Fun Guys look to expand their reach into the mushroom market
EAU CLAIRE – Dustin Scholtz does not measure the size of his farm in acres. He measures it in square feet.
In partnership with his father, Steve Scholtz, the pair manages 2000 square feet for growing a variety of mushrooms at their operation Fun Guy Farm north of Eau Claire. In the 2 years since they joined forces, they have doubled their production and have plans for expanding the business in the future.
His father, Steve, had always been a hobbyist forger but he found their local farmers markets, particularly Eau Claire's Downtown Farmers Market had a surprising demand for their mushrooms.
Before partnering his father full-time in mushroom production, Dustin had been a sales rep for a local distribution company and then ran his own pest control service.
Opportunities and challenges
As his understanding of mushrooms grew his passion began to grow as well, and he realized there was an opportunity.
“The mushroom operation had been built to exclude challenges with weather,” he says. “We fruit our mushrooms indoors so we can provide the climate the mushrooms prefer.”
Weather, however, continued to present challenges and they utilized both air conditioning and heat to provide the temperature the mushrooms needed, as different varieties of mushrooms require different conditions.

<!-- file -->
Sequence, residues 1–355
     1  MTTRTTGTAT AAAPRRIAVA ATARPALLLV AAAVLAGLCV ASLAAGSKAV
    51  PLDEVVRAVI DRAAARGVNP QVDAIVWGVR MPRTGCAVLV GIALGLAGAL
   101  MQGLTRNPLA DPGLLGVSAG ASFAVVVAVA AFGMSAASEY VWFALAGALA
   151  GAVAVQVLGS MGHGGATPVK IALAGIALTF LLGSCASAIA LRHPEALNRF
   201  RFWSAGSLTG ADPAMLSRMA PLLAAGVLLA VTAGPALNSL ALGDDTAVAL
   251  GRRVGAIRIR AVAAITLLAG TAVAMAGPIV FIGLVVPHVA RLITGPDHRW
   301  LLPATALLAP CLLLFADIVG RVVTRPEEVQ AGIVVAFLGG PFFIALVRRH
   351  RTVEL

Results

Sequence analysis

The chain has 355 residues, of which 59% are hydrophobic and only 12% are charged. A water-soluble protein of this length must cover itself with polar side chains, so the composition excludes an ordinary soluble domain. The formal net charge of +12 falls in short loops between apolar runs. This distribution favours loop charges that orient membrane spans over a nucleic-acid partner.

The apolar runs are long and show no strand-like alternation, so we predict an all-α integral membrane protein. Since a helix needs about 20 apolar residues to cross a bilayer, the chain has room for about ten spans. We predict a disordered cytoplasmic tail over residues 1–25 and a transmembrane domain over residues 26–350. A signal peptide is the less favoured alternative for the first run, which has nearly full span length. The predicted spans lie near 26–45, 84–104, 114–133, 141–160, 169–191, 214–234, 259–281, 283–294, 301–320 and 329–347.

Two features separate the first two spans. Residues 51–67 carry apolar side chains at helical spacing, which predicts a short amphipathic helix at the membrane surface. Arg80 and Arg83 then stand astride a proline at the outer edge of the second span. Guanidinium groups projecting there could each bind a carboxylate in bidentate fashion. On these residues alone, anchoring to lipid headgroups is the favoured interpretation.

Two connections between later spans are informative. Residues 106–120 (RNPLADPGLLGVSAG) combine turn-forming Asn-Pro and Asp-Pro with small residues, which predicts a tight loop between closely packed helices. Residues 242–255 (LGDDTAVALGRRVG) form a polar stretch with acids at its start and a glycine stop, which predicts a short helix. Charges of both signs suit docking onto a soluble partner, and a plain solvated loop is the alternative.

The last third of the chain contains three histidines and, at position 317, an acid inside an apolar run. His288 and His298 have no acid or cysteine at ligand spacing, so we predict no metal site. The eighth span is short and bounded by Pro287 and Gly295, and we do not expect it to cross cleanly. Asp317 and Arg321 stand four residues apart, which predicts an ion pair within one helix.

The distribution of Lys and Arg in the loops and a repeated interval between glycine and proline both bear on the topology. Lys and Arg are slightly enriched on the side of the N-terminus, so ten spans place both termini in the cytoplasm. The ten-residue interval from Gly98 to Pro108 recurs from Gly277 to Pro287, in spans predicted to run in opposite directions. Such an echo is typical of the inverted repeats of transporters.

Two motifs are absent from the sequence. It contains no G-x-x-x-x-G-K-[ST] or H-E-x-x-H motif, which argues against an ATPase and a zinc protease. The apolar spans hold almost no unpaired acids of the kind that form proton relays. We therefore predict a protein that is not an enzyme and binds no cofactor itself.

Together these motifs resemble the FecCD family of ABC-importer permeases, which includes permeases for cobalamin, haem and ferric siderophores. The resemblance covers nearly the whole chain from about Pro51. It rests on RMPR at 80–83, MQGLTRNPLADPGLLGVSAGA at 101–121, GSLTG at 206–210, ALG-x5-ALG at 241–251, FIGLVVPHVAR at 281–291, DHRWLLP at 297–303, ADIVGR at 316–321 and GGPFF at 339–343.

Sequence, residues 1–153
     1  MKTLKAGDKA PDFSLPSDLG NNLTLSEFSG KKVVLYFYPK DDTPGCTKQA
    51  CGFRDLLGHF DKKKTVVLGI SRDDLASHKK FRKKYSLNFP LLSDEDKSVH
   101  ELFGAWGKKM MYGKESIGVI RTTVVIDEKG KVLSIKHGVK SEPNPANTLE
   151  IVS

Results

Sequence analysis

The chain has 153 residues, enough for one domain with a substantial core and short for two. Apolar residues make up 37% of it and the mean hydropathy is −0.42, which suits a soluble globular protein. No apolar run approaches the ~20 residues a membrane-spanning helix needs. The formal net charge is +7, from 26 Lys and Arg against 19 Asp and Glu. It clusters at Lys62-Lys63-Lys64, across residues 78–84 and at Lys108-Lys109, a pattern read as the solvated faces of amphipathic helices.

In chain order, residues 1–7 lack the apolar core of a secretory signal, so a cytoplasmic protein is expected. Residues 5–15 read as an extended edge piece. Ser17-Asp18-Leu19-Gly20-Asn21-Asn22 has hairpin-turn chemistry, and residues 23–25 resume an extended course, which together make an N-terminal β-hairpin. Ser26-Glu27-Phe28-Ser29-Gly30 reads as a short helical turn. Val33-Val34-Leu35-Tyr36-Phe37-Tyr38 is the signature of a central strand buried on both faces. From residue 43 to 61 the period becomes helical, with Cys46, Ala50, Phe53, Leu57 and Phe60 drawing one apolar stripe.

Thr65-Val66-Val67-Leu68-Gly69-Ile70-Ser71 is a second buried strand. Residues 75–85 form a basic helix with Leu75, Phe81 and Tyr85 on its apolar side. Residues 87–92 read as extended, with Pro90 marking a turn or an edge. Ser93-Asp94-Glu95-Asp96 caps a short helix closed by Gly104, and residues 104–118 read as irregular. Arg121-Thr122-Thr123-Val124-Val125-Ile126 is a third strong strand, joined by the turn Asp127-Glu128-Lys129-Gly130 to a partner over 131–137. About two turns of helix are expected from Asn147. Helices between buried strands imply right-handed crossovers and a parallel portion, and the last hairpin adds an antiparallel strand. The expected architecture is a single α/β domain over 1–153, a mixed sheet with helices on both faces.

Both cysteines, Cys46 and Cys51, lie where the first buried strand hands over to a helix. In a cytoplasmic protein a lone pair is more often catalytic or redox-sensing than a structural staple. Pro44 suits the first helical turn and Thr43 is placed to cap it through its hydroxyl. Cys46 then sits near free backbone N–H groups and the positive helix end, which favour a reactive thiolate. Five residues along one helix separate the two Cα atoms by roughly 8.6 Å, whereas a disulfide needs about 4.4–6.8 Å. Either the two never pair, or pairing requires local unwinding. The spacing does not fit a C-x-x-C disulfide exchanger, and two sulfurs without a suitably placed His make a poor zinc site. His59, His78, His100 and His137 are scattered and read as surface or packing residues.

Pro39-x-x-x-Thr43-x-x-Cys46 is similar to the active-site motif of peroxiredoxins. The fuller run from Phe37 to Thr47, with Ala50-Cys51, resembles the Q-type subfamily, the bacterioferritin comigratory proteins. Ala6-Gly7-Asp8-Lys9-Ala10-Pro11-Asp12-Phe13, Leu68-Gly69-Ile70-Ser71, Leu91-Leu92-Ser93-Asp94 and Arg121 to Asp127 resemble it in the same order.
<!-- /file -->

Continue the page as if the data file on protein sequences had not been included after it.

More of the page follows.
Contamination has always been a challenge for mushroom growers and all surfaces need to be kept sterile. Fungi grow in the same environments that bacteria and molds prefer so it is a challenge to keep these contaminants at bay.
Through careful recordkeeping and monitoring, the father-son duo were able to determine the cause of contamination in some of their bags and address the issue.
Like other farmers, they also faced challenges in 2022 with supply chain issues.
“Since we were unable to get the exact unicorn bags needed to produce, we had to settle for bags with a smaller micron filter. That resulted in adverse effects and we needed to alter production methods to allow for this until we were again able to get the correct bags,” Dustin said.
Because of the supply chain issues for the bags and other supplies, The Scholtzes realized the need to increase monitoring of their inventory and to order supplies well in advance of when needed.